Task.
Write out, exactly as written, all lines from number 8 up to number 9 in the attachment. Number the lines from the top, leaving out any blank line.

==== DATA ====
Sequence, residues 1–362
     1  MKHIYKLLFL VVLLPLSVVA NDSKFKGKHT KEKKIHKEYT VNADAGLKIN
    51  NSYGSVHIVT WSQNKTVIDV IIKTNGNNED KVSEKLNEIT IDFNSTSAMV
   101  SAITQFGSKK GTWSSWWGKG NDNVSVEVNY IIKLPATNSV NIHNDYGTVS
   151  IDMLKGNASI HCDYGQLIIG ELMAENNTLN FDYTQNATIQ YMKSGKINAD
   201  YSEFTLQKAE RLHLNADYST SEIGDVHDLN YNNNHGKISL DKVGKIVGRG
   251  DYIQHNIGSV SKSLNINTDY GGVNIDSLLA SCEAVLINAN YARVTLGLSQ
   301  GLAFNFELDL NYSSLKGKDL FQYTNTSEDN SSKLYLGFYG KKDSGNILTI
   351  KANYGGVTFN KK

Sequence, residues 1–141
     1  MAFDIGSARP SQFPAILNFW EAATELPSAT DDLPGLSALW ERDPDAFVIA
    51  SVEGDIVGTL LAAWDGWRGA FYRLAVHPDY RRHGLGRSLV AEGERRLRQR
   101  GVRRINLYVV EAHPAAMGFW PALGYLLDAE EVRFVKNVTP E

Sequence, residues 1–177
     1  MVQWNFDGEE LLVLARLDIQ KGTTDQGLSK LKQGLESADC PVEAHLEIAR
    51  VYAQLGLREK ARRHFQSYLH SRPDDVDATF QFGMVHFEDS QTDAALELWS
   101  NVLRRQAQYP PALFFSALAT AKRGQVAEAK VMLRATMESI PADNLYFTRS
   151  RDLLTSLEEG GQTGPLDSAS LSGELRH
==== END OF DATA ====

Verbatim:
   301  GLAFNFELDL NYSSLKGKDL FQYTNTSEDN SSKLYLGFYG KKDSGNILTI
   351  KANYGGVTFN KK